Home > business, management, uml > Viable, Vulnerable, Doomed II

Viable, Vulnerable, Doomed II

As the title indicates, this blow-sst is an extension of yesterday’s inane blabberfest. While yesterday’s lesson (<— lol!) dealt with the static structure of Viable, Vulnerable, and Doomed (VVD) orgs, today’s BS-fest talks about the dynamic behavior of VVD social groups. Behold that if you’re conscious and you concentrate on observing the world around you, the structure plus behavior of an org will clearly and unambiguously reveal over time what it does. Forget what its so-called leaders say it does, observe for yourself how the stratified monolith is structured, how it behaves, and what it actually produces. If you’re diligent and astute, you’ll discover the principle of POSIWID: the Purpose Of a System Is What It Does (not what it’s leadership says it does).

The UML diagram below shows a state machine model of: the mutually exclusive states of a VVV system, the transitions between the states, and the events that trigger the transitions. But wait…… VVV? What happened to VVD? Well, in a dumbass attempt to inject levity and fruitlessly retain your interest, I changed the name of the “Doomed” state to “”Vucked” so that all states start with the letter “V”. Stupid, no?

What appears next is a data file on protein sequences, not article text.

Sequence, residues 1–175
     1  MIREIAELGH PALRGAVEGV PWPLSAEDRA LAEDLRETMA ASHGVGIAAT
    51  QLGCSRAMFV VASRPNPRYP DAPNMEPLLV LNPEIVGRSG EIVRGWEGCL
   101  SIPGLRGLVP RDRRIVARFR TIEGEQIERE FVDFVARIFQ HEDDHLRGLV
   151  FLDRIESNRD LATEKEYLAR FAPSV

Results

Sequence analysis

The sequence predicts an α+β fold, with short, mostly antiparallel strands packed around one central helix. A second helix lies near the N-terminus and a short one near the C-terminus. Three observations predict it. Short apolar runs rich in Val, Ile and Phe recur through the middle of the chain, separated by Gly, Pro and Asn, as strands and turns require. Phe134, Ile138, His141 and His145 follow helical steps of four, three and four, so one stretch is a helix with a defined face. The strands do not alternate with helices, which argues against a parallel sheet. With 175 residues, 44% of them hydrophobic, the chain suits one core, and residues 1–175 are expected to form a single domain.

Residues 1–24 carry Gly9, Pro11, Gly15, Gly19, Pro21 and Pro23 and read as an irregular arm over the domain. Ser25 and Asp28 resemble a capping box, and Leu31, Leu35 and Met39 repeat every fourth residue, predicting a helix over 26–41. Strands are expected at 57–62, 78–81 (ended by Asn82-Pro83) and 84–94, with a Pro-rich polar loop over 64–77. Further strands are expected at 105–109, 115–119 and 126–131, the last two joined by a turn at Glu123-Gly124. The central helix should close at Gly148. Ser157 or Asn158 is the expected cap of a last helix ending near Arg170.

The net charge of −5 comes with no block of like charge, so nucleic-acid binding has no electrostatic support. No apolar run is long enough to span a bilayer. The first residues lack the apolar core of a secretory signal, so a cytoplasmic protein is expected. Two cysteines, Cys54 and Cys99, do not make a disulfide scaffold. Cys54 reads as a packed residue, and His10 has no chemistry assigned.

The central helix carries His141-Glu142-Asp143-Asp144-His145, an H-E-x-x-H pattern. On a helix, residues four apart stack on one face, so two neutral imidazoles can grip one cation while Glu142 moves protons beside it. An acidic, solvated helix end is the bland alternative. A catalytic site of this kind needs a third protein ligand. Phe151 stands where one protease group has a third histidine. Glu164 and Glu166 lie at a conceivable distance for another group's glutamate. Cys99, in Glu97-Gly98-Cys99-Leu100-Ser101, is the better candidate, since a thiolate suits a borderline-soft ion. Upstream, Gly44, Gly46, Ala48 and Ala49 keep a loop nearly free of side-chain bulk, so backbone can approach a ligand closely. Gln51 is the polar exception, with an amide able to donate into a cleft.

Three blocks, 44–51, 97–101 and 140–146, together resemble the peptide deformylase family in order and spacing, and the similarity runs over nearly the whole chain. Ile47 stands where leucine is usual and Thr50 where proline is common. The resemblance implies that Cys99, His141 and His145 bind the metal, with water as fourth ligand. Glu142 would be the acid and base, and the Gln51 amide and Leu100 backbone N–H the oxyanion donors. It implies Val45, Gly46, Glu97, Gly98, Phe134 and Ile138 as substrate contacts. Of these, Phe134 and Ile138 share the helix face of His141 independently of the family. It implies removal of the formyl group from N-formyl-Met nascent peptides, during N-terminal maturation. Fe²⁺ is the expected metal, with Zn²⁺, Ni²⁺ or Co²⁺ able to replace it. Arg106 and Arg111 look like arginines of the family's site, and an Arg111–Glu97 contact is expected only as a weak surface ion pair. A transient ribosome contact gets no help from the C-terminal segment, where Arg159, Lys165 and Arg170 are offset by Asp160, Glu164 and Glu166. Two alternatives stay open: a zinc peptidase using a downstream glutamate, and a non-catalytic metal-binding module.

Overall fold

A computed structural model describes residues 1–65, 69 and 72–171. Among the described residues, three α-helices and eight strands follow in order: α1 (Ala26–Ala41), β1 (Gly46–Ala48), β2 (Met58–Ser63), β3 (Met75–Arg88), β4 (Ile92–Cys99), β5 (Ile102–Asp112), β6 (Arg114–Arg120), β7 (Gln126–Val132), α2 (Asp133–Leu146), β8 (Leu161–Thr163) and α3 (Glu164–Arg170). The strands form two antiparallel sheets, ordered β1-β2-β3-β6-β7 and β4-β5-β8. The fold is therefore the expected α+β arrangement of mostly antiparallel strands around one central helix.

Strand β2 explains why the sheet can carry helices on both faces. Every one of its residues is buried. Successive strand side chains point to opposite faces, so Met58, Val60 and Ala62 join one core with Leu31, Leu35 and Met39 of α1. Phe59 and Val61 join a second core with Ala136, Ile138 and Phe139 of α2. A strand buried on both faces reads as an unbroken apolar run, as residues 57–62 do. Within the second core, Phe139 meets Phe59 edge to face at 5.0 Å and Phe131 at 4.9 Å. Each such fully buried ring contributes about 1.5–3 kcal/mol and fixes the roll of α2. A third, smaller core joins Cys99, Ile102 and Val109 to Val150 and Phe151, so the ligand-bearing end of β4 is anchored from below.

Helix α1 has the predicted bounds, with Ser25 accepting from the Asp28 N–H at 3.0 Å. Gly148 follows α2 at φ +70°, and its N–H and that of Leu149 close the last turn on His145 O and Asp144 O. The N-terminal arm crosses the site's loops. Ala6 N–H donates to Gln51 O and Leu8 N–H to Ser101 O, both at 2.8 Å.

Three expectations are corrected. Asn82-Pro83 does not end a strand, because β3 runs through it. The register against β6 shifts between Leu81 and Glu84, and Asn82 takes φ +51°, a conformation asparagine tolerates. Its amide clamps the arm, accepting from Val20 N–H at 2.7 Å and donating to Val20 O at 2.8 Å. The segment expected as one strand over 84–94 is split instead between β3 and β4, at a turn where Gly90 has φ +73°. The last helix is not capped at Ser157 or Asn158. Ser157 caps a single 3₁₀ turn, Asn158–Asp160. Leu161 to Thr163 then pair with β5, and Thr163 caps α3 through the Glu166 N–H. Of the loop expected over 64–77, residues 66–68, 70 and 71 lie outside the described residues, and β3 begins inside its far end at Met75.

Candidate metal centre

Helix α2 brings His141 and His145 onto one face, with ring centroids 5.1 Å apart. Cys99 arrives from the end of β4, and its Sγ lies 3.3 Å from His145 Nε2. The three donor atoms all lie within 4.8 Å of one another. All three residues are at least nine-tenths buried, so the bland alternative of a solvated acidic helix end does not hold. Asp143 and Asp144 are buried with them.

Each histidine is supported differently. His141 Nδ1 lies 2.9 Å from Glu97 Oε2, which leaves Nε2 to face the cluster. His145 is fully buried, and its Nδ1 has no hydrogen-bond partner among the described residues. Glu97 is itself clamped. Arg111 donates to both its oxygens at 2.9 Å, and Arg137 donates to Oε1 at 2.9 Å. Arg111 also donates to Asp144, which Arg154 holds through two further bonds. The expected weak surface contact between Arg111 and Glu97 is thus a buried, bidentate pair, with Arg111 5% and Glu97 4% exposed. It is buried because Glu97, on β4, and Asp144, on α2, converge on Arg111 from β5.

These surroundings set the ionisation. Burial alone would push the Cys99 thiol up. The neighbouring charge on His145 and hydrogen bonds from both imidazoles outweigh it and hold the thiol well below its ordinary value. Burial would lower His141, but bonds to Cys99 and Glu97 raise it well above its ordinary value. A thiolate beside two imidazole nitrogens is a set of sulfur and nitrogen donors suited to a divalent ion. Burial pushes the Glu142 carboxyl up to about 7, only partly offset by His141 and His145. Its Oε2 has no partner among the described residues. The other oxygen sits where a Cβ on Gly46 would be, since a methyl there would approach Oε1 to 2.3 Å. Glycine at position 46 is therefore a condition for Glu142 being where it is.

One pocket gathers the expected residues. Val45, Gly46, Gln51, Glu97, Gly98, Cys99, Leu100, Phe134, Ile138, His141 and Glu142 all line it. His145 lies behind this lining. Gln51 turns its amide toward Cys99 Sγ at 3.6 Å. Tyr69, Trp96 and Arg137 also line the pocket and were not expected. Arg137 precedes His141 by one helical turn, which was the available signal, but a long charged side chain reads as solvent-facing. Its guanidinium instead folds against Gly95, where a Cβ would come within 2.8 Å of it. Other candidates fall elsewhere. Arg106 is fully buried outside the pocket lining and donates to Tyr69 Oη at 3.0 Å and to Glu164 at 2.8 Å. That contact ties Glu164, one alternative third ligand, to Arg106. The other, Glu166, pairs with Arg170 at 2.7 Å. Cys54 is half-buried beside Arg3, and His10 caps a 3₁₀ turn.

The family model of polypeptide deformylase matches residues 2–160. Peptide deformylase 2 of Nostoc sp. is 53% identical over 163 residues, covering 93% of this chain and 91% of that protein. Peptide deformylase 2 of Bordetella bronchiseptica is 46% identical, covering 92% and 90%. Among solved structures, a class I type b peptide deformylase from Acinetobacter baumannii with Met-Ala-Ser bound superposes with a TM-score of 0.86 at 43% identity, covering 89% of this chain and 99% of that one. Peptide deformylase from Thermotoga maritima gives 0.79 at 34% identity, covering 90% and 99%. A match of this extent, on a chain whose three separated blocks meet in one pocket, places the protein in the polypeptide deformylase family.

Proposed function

Virtually all startup companies initialize into the viable state. After all, if they didn’t have a product or service that a market didn’t want to consume, they wouldn’t be born as a viable entity, right? Over time, if they neglect their explorers and single mindedly, greedily, milk their product/service to death, eventually they’d become vulnerable to competitors. If the leadership becomes drunk with success and their heads expand too far, they start resenting and rejecting their explorers – they become vucked!

Unless, as the figure below shows, an epiphany in the head shed occurs (and the chances of that occurring in fat headed executives rolling in dough are incredibly slim) it’s death to the org and all its membership – including the innocents who had no hand in the implosion. This ain’t a hollywood story so there’s no happy ending.

  1. fishing for answers
    May 15, 2010 at 7:43 am

    not thinking about any ex-soc-net services, are you? I think a lot of explorers got vucked on that one.

    • May 15, 2010 at 8:53 am

      Actually, not consciously because I don’t think anything. Something thinks me. Nevertheless, my BS model may be applicable to our Twine experience. Thanks for pointing it out.

  1. May 16, 2010 at 1:06 am
  2. September 11, 2012 at 1:01 am

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